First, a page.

The World's Best Essays, from the Earliest Period to the Present Time, Band 4

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David Josiah Brewer
Kaiser, 1900
 

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Seite 1491 - All the images of nature were still present to him, and he drew them not laboriously, but luckily : when he describes any thing, you more than see it, you feel it too. Those who accuse him to have wanted learning, give him the greater commendation : he was naturally learned; he needed not the spectacles of books to read nature ; he looked inwards, and found her there.
Seite 1455 - Making it momentary as a sound, Swift as a shadow, short as any dream ; Brief as the lightning in the collied night, That, in a spleen, unfolds both heaven and earth. And ere a man hath power to say, — Behold ! The jaws of darkness do devour it up : So quick bright things come to confusion.
Seite 1402 - Full little knowest thou, that hast not tried, What hell it is in suing long to bide: To lose good days, that might be better spent; To waste long nights in pensive discontent; To speed today, to be put back tomorrow; To feed on hope, to pine with fear and sorrow; To have thy prince's grace, yet want her peers...
Seite 1619 - Insist on yourself; never imitate. Your own gift you can present every moment with the cumulative force of a whole life's cultivation; but of the adopted talent of another you have only an extemporaneous half possession. That which each can do best, none but his Maker can teach him.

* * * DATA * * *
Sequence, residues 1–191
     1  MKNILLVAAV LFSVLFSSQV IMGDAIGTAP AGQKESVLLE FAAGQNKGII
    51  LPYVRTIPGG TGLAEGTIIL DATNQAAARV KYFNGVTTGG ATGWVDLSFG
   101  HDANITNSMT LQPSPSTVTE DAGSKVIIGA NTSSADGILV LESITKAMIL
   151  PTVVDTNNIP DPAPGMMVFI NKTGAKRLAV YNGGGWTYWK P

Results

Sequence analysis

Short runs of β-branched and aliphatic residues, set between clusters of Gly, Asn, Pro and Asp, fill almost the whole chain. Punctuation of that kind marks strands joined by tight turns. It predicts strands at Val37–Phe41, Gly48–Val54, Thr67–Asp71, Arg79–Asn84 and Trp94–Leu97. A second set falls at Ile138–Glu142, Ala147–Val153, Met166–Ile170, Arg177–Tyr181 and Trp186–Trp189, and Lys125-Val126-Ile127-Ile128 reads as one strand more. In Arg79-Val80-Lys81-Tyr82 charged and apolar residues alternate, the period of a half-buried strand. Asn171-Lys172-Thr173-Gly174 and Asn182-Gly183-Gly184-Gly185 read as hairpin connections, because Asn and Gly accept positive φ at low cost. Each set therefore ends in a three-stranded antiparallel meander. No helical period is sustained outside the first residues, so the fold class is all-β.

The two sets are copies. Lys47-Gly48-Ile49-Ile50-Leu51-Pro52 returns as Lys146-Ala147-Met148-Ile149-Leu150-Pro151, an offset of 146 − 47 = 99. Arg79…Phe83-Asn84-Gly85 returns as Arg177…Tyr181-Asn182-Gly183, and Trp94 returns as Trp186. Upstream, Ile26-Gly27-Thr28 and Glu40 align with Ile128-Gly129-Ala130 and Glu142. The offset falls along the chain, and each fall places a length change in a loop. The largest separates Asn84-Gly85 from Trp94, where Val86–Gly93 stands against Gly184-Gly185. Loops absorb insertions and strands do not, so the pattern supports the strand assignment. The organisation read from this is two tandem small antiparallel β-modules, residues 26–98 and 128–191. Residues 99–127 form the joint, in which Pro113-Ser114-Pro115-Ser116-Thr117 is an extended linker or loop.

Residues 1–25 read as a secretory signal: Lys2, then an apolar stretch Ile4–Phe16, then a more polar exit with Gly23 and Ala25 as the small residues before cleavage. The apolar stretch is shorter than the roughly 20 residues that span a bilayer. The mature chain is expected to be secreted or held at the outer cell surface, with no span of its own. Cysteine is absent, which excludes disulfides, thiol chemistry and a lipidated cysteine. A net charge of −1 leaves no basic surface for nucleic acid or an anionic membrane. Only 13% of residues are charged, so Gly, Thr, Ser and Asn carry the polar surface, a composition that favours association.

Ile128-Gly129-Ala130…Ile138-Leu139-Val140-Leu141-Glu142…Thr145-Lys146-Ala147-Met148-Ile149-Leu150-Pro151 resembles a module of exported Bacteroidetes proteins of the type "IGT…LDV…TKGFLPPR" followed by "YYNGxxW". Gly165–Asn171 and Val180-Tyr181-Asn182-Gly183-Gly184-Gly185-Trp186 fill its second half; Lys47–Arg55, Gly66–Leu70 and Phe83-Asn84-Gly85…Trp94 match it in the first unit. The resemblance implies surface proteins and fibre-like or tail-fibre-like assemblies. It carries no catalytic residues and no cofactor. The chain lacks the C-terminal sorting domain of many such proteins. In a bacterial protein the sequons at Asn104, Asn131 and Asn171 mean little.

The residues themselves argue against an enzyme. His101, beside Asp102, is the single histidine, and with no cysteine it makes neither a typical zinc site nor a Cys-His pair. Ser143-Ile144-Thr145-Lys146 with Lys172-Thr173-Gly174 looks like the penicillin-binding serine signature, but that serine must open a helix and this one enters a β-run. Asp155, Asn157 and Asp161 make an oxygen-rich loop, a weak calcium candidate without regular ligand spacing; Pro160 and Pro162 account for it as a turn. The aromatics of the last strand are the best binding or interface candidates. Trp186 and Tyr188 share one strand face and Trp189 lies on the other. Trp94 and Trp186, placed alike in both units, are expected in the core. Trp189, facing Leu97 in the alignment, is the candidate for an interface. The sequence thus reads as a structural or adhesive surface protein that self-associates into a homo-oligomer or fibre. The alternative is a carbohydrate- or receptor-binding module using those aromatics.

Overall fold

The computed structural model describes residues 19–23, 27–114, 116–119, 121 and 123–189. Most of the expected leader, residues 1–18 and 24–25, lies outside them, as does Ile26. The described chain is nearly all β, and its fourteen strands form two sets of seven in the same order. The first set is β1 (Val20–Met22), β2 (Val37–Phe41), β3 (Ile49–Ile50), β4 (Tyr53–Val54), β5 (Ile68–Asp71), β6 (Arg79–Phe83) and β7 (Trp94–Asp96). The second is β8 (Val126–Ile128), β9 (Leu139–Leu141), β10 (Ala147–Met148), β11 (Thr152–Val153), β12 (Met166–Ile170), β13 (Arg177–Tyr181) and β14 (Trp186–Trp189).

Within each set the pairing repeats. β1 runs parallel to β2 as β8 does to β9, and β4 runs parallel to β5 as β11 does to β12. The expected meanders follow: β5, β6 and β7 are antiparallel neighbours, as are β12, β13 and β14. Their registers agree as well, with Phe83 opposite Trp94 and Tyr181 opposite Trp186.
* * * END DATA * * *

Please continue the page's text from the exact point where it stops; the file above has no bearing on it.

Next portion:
Seite 1452 - And though this, probably the first essay of his poetry, be lost, yet it is said to have been so very bitter, that it redoubled the prosecution against him to that degree, that he was obliged to leave his business and family in Warwickshire, for some time, and shelter himself in London.
Seite 1379 - And the star was shining. He grew to be a man whose hair was turning gray, and he was sitting in his chair by the fireside, heavy with grief, and with his face bedewed with tears when the star opened once again. Said his sister's angel to the leader, "Is my brother come?" And he said, "Nay, but his maiden daughter.
Seite 1493 - What Virgil wrote in the vigour of his age, in plenty and at ease, I have undertaken to translate in my declining years; struggling with wants, oppressed with sickness, curbed in my genius, liable to be misconstrued in all I write...
Seite 1619 - ... which each can do best, none but his Maker can teach him. No man yet knows what it is, nor can, till that person has exhibited it. Where is the master who could have taught...
Seite 1603 - Though we travel the world over to find the beautiful, we must carry it with us, or we find it not.
Seite 1620 - The civilized man has built a coach, but has lost the use of his feet. He is supported on crutches, but lacks so much support of muscle. He has a fine Geneva watch, but he fails of the skill to tell the hour by the sun.

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